addresses, and it is querying the Layer 3 address of another station. RARP has since been
abandoned in favor of BOOTP which was subsequently replaced by DHCP.

Packet structure
The following is the packet structure used for ARP requests and replies. On Ethernet
networks, these packets use an EtherType of 0x0806, and are sent to the broadcast MAC
address of FF:FF:FF:FF:FF:FF. Note that the packet structure shown in the table has
SHA, SPA, THA, & TPA as 32-bit words but this is just for convenience — their actual
lengths are determined by the hardware & protocol length fields.

+ Bits 0 - 7 8 - 15 16 - 31
0 Hardware type (HTYPE) Protocol type (PTYPE)
32 Hardware length (HLEN) Protocol length (PLEN) Operation (OPER)
64 Sender hardware address (SHA)
? Sender protocol address (SPA)
? Target hardware address (THA)
? Target protocol address (TPA)

Hardware type (HTYPE)


Each data link layer protocol is assigned a number used in this field. For example,
Ethernet is 1.
Protocol type (PTYPE)
Each protocol is assigned a number used in this field. For example, IPv4 is 0x0800.
Hardware length (HLEN)
Length in bytes of a hardware address. Ethernet addresses are 6 bytes long.
Protocol length (PLEN)
Length in bytes of a logical address. IPv4 address are 4 bytes long.
Operation
Specifies the operation the sender is performing: 1 for request, and 2 for reply.
Sender hardware address (SHA)
Hardware address of the sender.
Sender protocol address (SPA)
Protocol address of the sender.

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Target hardware address (THA)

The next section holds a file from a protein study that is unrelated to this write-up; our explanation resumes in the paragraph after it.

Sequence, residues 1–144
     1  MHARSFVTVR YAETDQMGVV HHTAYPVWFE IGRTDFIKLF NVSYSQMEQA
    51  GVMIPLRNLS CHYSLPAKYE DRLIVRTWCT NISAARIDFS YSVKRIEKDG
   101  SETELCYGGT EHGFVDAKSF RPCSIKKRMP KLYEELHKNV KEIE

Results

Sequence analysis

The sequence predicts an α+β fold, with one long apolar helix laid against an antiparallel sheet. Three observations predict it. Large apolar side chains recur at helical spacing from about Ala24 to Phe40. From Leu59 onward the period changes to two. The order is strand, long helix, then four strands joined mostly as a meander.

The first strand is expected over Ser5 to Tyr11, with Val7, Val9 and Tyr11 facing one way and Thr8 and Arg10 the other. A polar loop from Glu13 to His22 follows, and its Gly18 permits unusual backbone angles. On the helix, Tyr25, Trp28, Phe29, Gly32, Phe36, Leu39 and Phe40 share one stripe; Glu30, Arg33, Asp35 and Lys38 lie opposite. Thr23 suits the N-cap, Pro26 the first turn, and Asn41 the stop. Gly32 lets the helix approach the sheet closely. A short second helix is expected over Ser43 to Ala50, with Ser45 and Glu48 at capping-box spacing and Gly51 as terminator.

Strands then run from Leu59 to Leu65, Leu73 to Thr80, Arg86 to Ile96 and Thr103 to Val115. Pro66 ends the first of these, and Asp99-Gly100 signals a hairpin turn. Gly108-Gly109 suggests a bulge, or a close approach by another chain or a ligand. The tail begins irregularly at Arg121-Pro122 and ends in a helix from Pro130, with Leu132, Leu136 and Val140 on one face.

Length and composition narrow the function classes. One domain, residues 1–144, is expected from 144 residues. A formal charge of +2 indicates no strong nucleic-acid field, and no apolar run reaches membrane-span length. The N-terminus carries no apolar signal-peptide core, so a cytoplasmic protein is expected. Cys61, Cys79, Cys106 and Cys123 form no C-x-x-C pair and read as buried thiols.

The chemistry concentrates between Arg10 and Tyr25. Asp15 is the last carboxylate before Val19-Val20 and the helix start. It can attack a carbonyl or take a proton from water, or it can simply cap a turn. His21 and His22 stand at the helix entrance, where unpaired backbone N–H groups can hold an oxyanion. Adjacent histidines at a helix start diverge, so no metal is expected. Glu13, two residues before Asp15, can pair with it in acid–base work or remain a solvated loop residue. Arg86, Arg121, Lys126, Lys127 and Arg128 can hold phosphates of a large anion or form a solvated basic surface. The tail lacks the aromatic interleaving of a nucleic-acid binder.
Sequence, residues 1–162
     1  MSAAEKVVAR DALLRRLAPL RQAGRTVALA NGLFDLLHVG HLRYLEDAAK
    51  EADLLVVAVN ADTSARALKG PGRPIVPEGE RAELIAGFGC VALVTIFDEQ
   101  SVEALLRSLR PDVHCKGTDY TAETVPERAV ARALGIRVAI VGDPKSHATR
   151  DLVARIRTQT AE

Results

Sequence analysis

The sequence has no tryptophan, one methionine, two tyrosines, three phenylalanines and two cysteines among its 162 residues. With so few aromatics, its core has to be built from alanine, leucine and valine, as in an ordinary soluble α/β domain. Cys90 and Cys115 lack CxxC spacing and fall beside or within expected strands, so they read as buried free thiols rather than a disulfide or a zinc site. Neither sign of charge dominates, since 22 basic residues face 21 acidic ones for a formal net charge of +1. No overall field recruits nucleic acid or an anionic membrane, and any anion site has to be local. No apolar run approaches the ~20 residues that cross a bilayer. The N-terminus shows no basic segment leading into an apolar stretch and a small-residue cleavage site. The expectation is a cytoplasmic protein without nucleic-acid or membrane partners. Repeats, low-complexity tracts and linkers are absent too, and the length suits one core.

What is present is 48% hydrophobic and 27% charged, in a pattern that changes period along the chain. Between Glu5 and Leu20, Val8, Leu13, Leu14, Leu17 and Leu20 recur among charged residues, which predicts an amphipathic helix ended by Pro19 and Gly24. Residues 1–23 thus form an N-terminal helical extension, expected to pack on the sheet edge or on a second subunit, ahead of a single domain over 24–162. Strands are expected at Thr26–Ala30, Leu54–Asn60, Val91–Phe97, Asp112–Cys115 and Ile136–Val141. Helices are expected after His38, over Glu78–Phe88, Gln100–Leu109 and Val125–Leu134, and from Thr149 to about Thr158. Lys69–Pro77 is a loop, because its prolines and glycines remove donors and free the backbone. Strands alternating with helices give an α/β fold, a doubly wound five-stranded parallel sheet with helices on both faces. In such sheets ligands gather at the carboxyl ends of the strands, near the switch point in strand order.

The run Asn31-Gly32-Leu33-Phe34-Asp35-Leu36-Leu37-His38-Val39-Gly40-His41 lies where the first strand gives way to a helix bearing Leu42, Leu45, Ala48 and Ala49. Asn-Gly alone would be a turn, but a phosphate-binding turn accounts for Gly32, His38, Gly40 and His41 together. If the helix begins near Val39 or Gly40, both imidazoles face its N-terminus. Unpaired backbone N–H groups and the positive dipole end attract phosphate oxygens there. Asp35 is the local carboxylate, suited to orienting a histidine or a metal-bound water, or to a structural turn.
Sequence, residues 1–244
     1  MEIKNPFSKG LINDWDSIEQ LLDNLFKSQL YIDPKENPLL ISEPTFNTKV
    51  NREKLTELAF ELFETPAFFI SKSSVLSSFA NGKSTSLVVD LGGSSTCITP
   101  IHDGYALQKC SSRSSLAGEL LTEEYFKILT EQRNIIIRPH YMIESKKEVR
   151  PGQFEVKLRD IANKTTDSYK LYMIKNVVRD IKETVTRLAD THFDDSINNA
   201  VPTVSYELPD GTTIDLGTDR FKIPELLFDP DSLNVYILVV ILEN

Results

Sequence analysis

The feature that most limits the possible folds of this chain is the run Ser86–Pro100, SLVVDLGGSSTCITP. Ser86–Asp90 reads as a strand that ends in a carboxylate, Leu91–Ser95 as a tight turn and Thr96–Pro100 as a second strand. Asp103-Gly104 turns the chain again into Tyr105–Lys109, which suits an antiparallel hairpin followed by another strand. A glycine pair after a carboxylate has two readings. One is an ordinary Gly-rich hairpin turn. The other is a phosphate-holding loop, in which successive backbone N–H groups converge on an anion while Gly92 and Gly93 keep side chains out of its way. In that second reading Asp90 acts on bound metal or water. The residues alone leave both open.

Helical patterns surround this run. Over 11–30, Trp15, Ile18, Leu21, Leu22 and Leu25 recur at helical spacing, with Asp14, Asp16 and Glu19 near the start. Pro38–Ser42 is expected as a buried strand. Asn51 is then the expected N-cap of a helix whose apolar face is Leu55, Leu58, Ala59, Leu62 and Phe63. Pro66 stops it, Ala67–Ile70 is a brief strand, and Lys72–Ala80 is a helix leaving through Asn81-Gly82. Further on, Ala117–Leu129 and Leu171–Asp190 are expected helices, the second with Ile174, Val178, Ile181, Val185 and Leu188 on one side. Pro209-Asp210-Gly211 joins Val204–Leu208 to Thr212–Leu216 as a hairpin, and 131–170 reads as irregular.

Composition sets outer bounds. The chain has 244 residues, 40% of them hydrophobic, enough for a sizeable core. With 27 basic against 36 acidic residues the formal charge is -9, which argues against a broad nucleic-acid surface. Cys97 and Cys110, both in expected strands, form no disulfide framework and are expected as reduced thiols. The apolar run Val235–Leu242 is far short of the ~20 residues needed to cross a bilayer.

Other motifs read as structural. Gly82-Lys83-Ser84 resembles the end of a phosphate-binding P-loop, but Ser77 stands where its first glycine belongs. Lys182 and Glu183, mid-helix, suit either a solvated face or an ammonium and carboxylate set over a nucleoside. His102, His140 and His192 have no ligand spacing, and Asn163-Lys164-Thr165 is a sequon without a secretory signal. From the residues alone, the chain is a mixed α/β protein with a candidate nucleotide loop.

Hardware address of the intended receiver. This field is zero on request.
Target protocol address (TPA)
Protocol address of the intended receiver.
Request

+ Bits 0 - 7 8 - 15 16 - 31
0 Hardware type = 1 Protocol type = 0x0800
32 Hardware length = 6 Protocol length = 4 Operation = 1
64 SHA (first 32 bits) = 0x000958D8
96 SHA (last 16 bits) = 0x1122 SPA (first 16 bits) = 0x0A0A
128 SPA (last 16 bits) = 0x0A7B THA (first 16 bits) = 0x0000
160 THA (last 32 bits) = 0x00000000
192 TPA = 0x0A0A0A8C

If a host with IPv4 address of 10.10.10.123 and MAC address of 00:09:58:D8:11:22


wants to send a packet to another host at 10.10.10.140 but it does not know the MAC
address then it must send an ARP request to discover the address. The packet shown
shows what would be broadcast over the local network. If the host 10.10.10.140 is
running and available then it would receive the ARP request and send the appropriate
reply.
Reply
+ Bits 0 - 7 8 - 15 16 - 31
0 Hardware type = 1 Protocol type = 0x0800
32 Hardware length = 6 Protocol length = 4 Operation = 2
64 SHA (first 32 bits) = 0x000958D8
96 SHA (last 16 bits) = 0x33AA SPA (first 16 bits) = 0x0A0A
128 SPA (last 16 bits) = 0x0A8C THA (first 16 bits) = 0x0009
160 THA (last 32 bits) = 0x58D81122
192 TPA = 0x0A0A0A7B

Given the scenario laid out in the request section, if the host 10.10.10.140 has a MAC
address of 00:09:58:D8:33:AA then it would send the shown reply packet. Note that the
sender and target address blocks have been swapped (the sender of the reply is the target
of the request; the target of the reply is the sender of the request). Furthermore the host